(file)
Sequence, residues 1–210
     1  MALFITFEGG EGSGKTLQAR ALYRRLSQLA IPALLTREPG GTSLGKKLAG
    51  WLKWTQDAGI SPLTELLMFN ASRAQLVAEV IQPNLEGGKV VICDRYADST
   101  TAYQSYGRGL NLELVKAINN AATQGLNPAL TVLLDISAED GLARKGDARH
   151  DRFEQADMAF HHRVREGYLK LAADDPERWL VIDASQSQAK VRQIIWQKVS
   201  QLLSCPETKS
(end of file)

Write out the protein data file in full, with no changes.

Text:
Sequence, residues 1–210
     1  MALFITFEGG EGSGKTLQAR ALYRRLSQLA IPALLTREPG GTSLGKKLAG
    51  WLKWTQDAGI SPLTELLMFN ASRAQLVAEV IQPNLEGGKV VICDRYADST
   101  TAYQSYGRGL NLELVKAINN AATQGLNPAL TVLLDISAED GLARKGDARH
   151  DRFEQADMAF HHRVREGYLK LAADDPERWL VIDASQSQAK VRQIIWQKVS
   201  QLLSCPETKS